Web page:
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Is Your Intellectual Property Protected?

By: Susan Dunn

Susan Dunn, The EQ Coach, coaches individuals and executives in emotional intelligence, and offers workshops, presentations, trainings, Internet courses and ebooks.  She is a regular presenter for the Royal Caribbean and Costa cruiselines.  Visit her on the web at www.susandunn.cc and mailto:sdunn@susandunn.cc for FREE ezine.

The Noodle-Head
The other day I had quite a shock. A student who was taking one of my Internet courses e-mailed me to tell me that it was so beneficial “I emailed copies to all my friends and family.” Thereby circumventing my $29.99 per course, and violating my copyright.

Yikes!

The Knave
I also market coaches. I design websites, including search engine optimization. In doing some work for a client, I discovered suddenly someone had overtaken them on the search engine. When I checked, it turned out they had completely copied the source codes I’d done, keywords and all. Not one word was changed.

Double yikes!

The Nerve
Another client was checking out the competition on the web one day – he cuts plastics – and found someone had copied his entire entry page, just changing the logo and company name where needed. Same photos, same placement, same ad copy, same menu buttons …

Busted!

Time to Check with Your Attorney Abour Your Intellectual Property Rights?
Check with your attorney, because it’s confusing. Even being a certified paralegal, I find intellectual property law daunting.

According to the Cornell Law School website, “under current law, works are covered whether or not a copyright is attached and whether or not the work is registered.” (This means registered with the US Copyright Office.)

However, the American Intellectual Property Lawyers Association [AIPLA] says the “registration … is not required for existence of copyright; however, it is a prerequisite to a lawsuit for copyright infringement and to certain legal remedies.” [Source: www.aipla.org/Content/ContentGroups/Publications1/Publications_available_for_viewing1/What_is_a_Patent_and_Trademark.htm] They recommend you have a specialist draft the document.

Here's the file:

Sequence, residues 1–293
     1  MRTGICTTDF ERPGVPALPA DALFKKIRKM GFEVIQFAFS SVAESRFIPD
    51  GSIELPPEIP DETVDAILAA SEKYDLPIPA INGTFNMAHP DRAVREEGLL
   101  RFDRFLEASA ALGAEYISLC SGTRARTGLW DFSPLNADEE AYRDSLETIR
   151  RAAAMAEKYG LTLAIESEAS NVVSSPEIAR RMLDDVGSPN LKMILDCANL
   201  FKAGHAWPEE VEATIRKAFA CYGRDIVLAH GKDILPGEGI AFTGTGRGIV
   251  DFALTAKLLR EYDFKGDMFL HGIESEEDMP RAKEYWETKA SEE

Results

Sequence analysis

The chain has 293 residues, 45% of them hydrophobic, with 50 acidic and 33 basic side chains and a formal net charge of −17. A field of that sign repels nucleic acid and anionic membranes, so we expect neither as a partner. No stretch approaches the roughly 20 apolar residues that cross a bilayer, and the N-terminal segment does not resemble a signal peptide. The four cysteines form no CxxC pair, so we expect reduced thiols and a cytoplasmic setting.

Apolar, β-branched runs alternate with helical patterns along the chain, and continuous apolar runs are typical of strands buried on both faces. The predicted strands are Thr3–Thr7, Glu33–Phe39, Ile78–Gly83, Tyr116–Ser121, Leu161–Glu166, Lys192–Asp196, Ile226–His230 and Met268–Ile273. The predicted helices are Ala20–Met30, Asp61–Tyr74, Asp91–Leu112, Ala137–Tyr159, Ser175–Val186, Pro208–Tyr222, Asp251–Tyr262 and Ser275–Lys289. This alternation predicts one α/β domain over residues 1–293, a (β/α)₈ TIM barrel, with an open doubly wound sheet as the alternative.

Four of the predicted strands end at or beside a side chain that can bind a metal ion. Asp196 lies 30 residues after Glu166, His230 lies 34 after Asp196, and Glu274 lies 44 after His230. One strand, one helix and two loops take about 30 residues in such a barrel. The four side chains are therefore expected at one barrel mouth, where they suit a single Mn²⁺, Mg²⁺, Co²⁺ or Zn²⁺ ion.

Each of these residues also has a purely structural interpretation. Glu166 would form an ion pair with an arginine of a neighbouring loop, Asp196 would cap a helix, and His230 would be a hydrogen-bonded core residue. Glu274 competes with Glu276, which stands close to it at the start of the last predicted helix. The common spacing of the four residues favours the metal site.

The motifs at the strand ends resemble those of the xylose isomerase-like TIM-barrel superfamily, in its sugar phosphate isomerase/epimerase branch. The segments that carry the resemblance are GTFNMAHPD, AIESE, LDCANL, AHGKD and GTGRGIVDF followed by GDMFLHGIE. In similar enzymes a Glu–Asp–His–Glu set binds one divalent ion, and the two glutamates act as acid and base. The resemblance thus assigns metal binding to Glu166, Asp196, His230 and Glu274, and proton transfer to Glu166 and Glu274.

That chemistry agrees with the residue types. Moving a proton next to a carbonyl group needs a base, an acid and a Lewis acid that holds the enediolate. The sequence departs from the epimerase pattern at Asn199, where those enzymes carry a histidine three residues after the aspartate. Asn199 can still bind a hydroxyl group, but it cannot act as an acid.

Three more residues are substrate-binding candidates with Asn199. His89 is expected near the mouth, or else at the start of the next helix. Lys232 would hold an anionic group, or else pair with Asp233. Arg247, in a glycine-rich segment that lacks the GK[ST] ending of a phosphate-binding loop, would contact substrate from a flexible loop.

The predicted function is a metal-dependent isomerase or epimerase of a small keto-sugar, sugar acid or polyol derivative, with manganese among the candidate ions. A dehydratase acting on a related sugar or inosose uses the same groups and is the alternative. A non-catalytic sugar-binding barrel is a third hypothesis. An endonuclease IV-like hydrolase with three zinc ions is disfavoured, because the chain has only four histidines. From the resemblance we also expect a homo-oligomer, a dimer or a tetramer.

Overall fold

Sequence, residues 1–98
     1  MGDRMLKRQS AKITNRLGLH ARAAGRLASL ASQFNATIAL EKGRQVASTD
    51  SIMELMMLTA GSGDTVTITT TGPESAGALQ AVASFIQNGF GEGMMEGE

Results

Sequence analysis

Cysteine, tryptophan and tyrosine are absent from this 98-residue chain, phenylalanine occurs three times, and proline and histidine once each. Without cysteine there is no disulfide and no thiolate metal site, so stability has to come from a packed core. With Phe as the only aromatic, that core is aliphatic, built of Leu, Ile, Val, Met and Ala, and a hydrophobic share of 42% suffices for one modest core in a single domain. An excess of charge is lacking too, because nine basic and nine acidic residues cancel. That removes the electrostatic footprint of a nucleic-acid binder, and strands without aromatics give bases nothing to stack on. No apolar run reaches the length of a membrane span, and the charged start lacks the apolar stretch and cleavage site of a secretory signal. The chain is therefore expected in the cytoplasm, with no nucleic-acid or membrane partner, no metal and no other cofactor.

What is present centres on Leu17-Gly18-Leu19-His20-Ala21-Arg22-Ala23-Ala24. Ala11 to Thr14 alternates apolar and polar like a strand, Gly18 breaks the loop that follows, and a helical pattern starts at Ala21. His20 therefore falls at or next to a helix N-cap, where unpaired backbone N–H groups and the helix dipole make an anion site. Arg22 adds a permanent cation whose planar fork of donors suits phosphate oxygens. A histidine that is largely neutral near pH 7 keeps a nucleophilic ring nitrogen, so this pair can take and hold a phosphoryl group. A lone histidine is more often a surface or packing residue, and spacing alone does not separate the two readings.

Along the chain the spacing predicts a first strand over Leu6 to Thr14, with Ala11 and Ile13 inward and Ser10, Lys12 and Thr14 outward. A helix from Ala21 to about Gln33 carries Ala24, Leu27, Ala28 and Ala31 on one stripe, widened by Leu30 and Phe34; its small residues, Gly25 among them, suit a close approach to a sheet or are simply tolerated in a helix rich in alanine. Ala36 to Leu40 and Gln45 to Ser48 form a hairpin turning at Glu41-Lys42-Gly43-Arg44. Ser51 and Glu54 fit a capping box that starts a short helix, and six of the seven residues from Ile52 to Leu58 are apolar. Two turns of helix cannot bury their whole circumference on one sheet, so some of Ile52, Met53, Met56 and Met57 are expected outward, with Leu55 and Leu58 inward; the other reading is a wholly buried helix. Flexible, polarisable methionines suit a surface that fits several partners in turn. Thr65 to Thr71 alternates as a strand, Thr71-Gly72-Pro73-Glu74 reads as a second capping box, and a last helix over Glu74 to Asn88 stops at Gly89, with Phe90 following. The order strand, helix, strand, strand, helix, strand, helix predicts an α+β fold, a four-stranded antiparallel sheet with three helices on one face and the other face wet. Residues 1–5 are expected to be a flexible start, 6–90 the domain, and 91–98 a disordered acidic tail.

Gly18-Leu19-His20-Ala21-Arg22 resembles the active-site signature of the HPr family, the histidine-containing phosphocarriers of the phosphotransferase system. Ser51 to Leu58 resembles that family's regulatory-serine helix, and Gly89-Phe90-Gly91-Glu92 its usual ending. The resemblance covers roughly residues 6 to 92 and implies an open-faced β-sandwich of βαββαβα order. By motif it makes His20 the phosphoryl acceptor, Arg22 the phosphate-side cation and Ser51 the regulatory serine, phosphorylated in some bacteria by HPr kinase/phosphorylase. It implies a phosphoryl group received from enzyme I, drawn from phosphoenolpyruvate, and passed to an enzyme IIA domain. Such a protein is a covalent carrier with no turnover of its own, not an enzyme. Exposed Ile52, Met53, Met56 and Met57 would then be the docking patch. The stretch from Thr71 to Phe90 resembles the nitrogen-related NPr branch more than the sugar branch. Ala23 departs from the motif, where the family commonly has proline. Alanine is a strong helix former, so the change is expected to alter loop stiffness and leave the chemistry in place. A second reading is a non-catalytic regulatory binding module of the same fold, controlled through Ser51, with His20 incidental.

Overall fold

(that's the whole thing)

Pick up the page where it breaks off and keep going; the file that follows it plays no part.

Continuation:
Does that mean you should get one? Is a © of any use if it doesn’t allow you “remedies”? I refer clients to an attorney.

To get an official copyright, you can apply directly to the US Copyright office - www.copyright.gov/register. Here are a few of the things they list as being copyright-able:

Literary Works
  • Fiction and nonfiction

  • Manuscripts

  • Compilation of data

  • Automated databases

  • Dissertations, theses, reports, speeches

  • Bound or looseleaf volumes

  • Published or unpublished

  • Pamphlets, brochures

  • Online works
Apparently also included are website HTML code, source codes and website screen displays.

Registration becomes effective on the day they receive  your application, and the official Certificate of Registration will come 4-5 months later (hold your tongue!)

There are also commercial sites you can register through. Here are three:
Do you know the difference between a copyright and a trademark? You’ll find a good review here from the AILPA: www.aipla.org/Content/ContentGroups/Publications1/Publications_available_for_viewing1/What_is_a_Patent_and_Trademark.htm .

Also on their website you’ll find some educational materials, such as “How to Protect and Benefit from Your Ideas” - (http://www.aipla.org/Template.cfm?section=About_AIPLA).

Apparently you will also receive something to place (a logo type thing) on your website more imposing than a ©.

Check with your attorney for legal advice, please.

© copyright, Susan Dunn, 2004

Other Articles by Susan Dunn

The author assumes full responsibility for the contents of this article and retains all of its property rights. ManagerWise publishes it here with the permission of the author. ManagerWise assumes no responsibility for the article's contents.

 

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